1. Randy Fenton Avatar
    Randy Fenton

    Do you have a yoga program for someone with artificial knees

    1. Timothy Burgin Avatar
      Timothy Burgin

      Unfortunately no. This post might be helpful to you: http://www.yogabasics.com/learn/yoga-poses-for-knee-pain/

  2. David Goodwin Avatar
    David Goodwin

    Thank you for creating this site. I aim to consult with it daily.

    1. Timothy Burgin Avatar
      Timothy Burgin

      You’re welcome David, we are happy your benefiting from the website!

  3. Pristine Pascasio Avatar
    Pristine Pascasio

    I hope to learn more from this site. You give a good introduction. Thanks.

  4. A true yogi Avatar
    A true yogi

    A true yogi is he(she) who is in union with God and is beyond birth and death. Doing physical yoga excersizes is not required for liberation and therefore there is a large distinction between a yoga instructor or practitioner and he(she) who is immortal.

  5. Sujeewa Udawatta Avatar
    Sujeewa Udawatta

    Dear sir this is very good for me understanding..
    Thank you..And i like to veryfy the word girihastha…or grohastha .i would like to come to you and study.
    Thank you…
    Sujeew udawatta

  6. Om Avatar

    Human is a combination of subtle & gross body..
    Due to the food habits & other materialistic reasons the energy in body vibrates in low frequency…
    Yoga is one of the means to raise the vibrations to channel the flow of energy properly…

    Whereas yogi is one who seeks liberation from the matrix/illusion of earth…
    For which he has to detach from materialistic & sense pleasures…
    He gains control of breath, mind & consciousness & finally unites with cosmic energy..

    Just doing yoga does not make anyone a yogi.

  7. gregory Avatar

    nice website. needed. can also be useful for yoga groups.

  8. Atlanta Carrillo Avatar
    Atlanta Carrillo

    Thanks for this wonderful article about the lifestyle of a Yogi.I loved it a lot!

  9. Grady Edge Avatar
    Grady Edge

    I really loved this article about a yogi and appreciate all of the exhausting work that you put into creating it.

  10. Sila Hodge Avatar
    Sila Hodge

    Thanks for the great instructions on how to become a yogi.

  11. Paul Avatar

    Yoga is wonderful in my life. I love to stretch and yoga classes help me remember different stretches. The teachers in my studio are great. Yoga gives me flexibility so I can move better at 61. Yoga stretches are wonderful.

  12. Victor cordero Avatar
    Victor cordero

    Please continue your path towards enlightenment and sharing your insights, the goal is liberation from the enslavement of material reality, if you would like further commentary on the subject you can reach me.

  13. Truth Avatar

    Body and mind are the tools given to you as a human being. Yoga is the way to use the tool called body to become conscious and it may lead to awake. Mind is also a fantastic tool you can uae it to become conscious and awake. By meditation it’s possible. Not only doing Yoga can bring you Liberation or make you a yogi. Yoga means union. If you are realizing the nature of your existence and become whole with everything you are a Yogi. It doesn’t mean that you should do Yoga in order to become a Yogi. It’s just a myth. But as I said earlier Yoga has profound benifit which is handled correctly you can raise your consciousness & by that become one with everything.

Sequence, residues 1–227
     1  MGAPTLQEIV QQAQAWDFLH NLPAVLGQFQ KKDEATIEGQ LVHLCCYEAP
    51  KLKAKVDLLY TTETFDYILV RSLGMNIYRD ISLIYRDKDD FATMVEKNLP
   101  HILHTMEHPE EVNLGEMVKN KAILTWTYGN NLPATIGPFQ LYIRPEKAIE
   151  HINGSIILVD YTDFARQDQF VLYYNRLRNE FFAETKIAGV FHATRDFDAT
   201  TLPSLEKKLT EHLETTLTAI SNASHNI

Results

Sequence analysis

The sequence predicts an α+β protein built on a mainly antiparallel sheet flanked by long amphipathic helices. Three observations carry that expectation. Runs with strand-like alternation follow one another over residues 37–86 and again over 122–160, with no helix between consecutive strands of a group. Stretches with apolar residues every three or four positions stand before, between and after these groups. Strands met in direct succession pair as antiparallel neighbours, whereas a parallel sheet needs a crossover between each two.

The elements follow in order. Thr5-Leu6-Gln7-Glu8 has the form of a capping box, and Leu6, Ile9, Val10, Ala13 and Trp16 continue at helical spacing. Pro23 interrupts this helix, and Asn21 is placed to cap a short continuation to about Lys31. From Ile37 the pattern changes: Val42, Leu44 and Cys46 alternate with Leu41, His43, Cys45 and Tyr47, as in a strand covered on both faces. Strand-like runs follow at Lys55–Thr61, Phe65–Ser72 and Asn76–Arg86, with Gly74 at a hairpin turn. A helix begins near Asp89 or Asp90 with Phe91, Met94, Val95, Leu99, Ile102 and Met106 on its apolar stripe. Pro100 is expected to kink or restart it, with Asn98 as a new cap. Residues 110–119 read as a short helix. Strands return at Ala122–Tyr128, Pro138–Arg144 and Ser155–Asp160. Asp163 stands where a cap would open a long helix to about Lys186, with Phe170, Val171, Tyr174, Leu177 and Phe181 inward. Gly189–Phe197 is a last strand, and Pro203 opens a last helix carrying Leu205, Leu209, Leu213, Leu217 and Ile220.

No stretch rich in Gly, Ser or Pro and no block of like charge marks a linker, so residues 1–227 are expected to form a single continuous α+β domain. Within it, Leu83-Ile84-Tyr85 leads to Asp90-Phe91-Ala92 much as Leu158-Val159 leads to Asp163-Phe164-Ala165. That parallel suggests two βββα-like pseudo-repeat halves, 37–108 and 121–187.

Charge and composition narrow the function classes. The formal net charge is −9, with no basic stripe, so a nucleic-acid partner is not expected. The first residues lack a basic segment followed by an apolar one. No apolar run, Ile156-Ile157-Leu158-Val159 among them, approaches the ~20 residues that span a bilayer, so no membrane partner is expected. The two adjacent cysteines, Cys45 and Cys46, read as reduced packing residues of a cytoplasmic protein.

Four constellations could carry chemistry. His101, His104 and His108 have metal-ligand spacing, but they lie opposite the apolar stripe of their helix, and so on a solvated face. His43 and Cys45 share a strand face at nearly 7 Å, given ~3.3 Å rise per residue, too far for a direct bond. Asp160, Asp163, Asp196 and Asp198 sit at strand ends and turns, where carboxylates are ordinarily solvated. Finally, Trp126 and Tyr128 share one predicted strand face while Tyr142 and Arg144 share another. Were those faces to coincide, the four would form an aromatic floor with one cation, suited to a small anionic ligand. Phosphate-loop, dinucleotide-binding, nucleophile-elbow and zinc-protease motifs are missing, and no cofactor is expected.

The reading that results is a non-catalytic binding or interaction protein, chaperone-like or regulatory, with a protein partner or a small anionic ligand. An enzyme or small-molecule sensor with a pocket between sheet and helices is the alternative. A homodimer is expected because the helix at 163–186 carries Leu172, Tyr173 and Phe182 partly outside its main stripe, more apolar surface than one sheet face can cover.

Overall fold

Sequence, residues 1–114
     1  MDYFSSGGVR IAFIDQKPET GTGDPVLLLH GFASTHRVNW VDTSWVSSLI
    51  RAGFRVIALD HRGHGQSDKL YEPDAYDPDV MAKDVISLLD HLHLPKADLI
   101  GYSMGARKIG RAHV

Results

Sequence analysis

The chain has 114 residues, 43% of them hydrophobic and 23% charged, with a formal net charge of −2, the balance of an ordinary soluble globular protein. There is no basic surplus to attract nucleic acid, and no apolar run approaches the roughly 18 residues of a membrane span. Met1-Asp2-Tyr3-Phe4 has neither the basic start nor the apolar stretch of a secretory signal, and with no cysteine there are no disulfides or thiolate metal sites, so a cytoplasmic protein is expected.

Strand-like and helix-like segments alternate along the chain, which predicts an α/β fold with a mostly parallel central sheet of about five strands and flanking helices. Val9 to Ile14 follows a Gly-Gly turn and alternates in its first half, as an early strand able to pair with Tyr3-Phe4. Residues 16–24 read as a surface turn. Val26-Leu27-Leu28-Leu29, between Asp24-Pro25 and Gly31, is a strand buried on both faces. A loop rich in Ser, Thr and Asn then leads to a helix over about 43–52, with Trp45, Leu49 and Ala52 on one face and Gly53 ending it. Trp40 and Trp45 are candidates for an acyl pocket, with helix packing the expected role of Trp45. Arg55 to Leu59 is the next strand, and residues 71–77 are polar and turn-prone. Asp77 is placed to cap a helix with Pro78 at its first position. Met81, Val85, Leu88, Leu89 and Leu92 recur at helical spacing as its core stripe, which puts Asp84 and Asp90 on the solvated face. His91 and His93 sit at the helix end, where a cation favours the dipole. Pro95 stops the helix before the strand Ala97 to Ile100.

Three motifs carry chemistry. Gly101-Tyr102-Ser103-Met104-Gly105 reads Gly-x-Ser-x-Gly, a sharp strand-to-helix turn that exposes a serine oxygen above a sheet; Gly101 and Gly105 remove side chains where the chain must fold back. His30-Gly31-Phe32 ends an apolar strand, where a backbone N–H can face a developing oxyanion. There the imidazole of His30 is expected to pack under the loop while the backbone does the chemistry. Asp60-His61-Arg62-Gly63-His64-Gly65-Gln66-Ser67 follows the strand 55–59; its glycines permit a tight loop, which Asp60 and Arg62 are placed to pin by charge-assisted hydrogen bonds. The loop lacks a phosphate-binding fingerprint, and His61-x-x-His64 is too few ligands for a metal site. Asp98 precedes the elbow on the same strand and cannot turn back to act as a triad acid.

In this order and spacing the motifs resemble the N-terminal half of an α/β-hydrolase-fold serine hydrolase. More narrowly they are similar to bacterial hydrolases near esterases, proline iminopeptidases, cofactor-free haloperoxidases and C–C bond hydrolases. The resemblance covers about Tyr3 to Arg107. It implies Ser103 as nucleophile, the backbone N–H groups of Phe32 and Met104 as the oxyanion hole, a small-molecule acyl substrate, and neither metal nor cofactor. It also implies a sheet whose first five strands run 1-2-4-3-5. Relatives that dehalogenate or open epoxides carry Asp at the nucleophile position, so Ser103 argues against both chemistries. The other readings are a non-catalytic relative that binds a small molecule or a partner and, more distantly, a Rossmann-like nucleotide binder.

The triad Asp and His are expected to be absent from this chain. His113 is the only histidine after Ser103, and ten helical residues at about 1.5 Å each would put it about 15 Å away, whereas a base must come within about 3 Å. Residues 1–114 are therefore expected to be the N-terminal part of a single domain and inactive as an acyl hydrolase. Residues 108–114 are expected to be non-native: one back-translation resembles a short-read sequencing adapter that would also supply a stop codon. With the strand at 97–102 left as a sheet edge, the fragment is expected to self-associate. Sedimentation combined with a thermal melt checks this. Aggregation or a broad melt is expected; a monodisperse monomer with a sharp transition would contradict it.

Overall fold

14. Janice Neely Avatar
    Janice Neely

    Really enjoyed all the comments made regarding Yoga. It means different things to everyone, but it is all good.

  15. John Lawrence Avatar
    John Lawrence

    I’m glad to have read your description of what comprises and defines a yogi. I’m not convinced about your assertion that any individual can participate to whatever degree he or she feels appropriate:- I perceive it to be an all or nothing life of living, otherwise there is no point at all and it becomes something that you take like anti-depressants or speed. Events today seem to me to be confirming this view, and certainly the great Yogis, like Christ or Moses constantly emphasise the necessity of material renunciation, where one has faith in andaccepts the support of the laws of nature and attempts to overcome one’s addiction to the bondage of material values – including family life.

  16. Megan Avatar

    How do I start ? I quit cigarettes and got a vape to taper off and I quit night eating snd I’ve been reading yogi . Anyone have any advice to help me in my path ?

  17. Diana Avatar

    Congratulations on quitting smoking! Perhaps there is a yoga teacher or spiritual mentor in your area that can support you with your next steps! ❣️🌀🦋

  18. Susana Hannaford Avatar
    Susana Hannaford

    This is an incredibly informative article about the practice of yoga! I’m so glad I came across this resource

  19. Mark Taylor Avatar
    Mark Taylor

    This article is so encouraging – I feel like I can finally commit to my yoga practice and live a healthier lifestyle. Thanks for the amazing resources!

  20. Sophie Fischer Avatar
    Sophie Fischer

    I have been practicing yoga for several years now, and reading this article has made me even more enthusiastic about it. It’s amazing to see how yoga can positively impact all aspects of your life.

  21. Liam Green Avatar
    Liam Green

    This article is a great reminder that yoga is not just a physical practice, but a way of life.

  22. Amelia Turner Avatar
    Amelia Turner

    The matrix combining the ashramas system and the classifications of yogis gives a unique perspective on one’s current level of practice and future goals. Thank you for providing such thoughtful information in an engaging manner!

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Timothy Burgin Avatar
About the author
Timothy Burgin is a Kripalu & Pranakriya trained yoga instructor living and teaching in Asheville, NC. Timothy has studied and taught many styles of yoga and has completed a 500-hour Advanced Pranakriya Yoga training. Timothy has been serving as the Executive Director of YogaBasics.com since 2000. He has authored two yoga books and has written over 500 articles on the practice and philosophy of yoga. Timothy is also the creator of Japa Mala Beads and has been designing and importing mala beads since 2004.